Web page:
Table of Contents
Foreword
A.Y.C. Nee
Acknowledgment
Xun Xu
Chapter 1
Xun Xu
One of the key activities in any product design process is to develop a geometric model of the product from the conceptual ideas, which can then be... Sample PDF
Geometric Modelling and Computer-Aided Design
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Chapter 2
Xun Xu
Today, more companies than ever before are involved in manufacturing various parts of their end products using different subcontractors, many of... Sample PDF
CAD Data Exhange and CAD Standards
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Chapter 3
Xun Xu
Products and their components are designed to perform certain functions. Design specifi- cations ensure the functionality aspects. The task in... Sample PDF
Computer-Aided Process Planning and Manufacturing
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Chapter 4
Feature Technology  (pages 75-89)
Xun Xu
Throughout the course of the development of CAD, CAPP, and CAM systems, unambiguous representation of a design’s geometry and topology remain an... Sample PDF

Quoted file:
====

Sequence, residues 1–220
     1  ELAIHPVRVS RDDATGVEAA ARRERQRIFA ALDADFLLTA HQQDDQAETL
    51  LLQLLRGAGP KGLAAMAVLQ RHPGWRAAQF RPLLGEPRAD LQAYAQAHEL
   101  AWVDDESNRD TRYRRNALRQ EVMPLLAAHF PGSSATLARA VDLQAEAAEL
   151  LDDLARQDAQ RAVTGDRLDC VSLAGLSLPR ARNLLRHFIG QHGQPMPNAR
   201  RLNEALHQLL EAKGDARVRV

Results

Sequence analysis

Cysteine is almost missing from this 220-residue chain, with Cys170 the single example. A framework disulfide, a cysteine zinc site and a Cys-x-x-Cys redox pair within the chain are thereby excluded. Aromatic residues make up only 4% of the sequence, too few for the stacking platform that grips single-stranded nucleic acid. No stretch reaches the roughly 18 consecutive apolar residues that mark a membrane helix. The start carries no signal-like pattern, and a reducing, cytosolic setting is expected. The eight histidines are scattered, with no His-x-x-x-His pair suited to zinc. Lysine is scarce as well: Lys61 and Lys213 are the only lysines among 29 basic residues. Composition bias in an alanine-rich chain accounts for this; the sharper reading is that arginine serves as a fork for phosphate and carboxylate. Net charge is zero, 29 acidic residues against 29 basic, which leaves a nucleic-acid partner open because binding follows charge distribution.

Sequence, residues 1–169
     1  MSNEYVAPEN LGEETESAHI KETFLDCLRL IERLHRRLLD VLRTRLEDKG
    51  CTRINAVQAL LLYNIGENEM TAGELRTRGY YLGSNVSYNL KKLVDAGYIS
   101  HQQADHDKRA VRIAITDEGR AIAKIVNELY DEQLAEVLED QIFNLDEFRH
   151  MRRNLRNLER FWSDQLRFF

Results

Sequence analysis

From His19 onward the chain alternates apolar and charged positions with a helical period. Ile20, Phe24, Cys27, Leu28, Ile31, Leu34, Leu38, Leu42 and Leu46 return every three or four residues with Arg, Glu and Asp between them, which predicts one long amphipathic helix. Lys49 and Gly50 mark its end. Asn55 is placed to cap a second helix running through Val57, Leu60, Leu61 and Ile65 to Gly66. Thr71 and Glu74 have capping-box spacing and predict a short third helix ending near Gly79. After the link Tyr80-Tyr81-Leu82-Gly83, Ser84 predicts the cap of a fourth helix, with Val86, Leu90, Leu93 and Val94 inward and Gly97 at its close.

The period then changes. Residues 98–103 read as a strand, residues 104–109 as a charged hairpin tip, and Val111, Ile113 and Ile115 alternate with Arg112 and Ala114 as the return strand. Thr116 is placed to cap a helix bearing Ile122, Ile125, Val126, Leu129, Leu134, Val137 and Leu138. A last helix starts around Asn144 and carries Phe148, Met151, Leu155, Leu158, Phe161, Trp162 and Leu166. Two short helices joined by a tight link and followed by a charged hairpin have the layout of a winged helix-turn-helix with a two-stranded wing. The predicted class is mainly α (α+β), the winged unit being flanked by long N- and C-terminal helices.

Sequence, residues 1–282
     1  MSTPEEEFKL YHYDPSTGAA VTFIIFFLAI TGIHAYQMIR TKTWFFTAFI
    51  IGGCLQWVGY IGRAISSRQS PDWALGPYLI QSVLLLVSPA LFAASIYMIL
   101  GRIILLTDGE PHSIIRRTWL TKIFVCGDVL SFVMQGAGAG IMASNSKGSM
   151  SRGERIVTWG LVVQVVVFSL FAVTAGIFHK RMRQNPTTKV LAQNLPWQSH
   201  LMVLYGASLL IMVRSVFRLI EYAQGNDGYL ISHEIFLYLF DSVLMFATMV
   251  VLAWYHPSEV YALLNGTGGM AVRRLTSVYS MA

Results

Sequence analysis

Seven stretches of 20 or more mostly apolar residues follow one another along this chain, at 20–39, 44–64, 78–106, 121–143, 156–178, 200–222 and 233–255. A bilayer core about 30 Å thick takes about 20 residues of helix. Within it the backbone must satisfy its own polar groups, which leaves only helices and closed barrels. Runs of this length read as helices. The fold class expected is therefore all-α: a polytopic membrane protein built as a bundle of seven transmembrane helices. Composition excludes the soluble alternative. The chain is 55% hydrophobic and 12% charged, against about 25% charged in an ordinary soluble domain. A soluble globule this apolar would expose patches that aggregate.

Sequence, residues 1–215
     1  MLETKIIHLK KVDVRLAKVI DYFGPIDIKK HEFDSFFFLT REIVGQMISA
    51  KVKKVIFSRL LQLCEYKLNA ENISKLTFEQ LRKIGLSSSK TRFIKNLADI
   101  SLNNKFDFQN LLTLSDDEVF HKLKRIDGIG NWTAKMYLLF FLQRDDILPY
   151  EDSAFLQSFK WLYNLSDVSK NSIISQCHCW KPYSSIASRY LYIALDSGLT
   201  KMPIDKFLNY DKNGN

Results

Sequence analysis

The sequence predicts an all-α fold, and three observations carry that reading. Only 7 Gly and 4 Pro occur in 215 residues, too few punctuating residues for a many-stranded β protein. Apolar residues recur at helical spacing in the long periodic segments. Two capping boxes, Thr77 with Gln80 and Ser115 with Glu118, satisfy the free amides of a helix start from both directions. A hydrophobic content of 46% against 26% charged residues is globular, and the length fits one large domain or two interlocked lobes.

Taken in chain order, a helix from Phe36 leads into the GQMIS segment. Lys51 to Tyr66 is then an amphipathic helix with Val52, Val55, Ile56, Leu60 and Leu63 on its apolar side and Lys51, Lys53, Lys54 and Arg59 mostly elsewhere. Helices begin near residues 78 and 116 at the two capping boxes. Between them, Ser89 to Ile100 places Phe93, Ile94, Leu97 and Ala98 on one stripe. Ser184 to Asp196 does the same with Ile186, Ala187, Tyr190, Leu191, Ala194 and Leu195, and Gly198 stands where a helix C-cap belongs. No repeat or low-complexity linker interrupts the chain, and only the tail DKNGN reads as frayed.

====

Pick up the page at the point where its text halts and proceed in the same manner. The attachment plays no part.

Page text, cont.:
Feature Technology
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Chapter 5
Feature Recognition  (pages 90-108)
Xun Xu
Conventional CAD models only provide pure geometry and topology for mechanical designs such as vertices, edges, faces, simple primitives, and the... Sample PDF
Feature Recognition
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Chapter 6
Feature Interactions  (pages 109-125)
Xun Xu
Feature interaction tends to have a wide range of consequences and effects on a feature model and its applications. While these may often be... Sample PDF
Feature Interactions
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Chapter 7
Xun Xu
Integrated feature technology promotes a closer connection between design and manufacturing through features. When machining features are... Sample PDF
Integrated Feature Technolog
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Chapter 8
CNC Machine Tools  (pages 165-187)
Xun Xu
The introduction of CNC machines has radically changed the manufacturing industry. Curves are as easy to cut as straight lines, complex 3-D... Sample PDF
CNC Machine Tools
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Chapter 9
Program CNCs  (pages 188-229)
Xun Xu
A CNC machine can be programmed in different ways to machine a workpiece. In addition to creating the cutting program, many other factors also need... Sample PDF
Program CNCs
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Chapter 10
Xun Xu